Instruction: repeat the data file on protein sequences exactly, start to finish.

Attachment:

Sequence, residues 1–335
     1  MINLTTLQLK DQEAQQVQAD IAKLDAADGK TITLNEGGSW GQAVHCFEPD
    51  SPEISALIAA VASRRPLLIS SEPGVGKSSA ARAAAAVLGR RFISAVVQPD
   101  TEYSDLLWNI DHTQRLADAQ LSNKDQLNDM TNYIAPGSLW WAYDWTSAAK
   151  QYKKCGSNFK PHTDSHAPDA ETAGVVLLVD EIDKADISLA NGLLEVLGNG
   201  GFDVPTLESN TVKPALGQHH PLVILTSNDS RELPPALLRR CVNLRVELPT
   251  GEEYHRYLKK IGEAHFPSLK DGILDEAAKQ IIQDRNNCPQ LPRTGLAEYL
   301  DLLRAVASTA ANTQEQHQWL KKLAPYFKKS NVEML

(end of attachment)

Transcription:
Sequence, residues 1–335
     1  MINLTTLQLK DQEAQQVQAD IAKLDAADGK TITLNEGGSW GQAVHCFEPD
    51  SPEISALIAA VASRRPLLIS SEPGVGKSSA ARAAAAVLGR RFISAVVQPD
   101  TEYSDLLWNI DHTQRLADAQ LSNKDQLNDM TNYIAPGSLW WAYDWTSAAK
   151  QYKKCGSNFK PHTDSHAPDA ETAGVVLLVD EIDKADISLA NGLLEVLGNG
   201  GFDVPTLESN TVKPALGQHH PLVILTSNDS RELPPALLRR CVNLRVELPT
   251  GEEYHRYLKK IGEAHFPSLK DGILDEAAKQ IIQDRNNCPQ LPRTGLAEYL
   301  DLLRAVASTA ANTQEQHQWL KKLAPYFKKS NVEML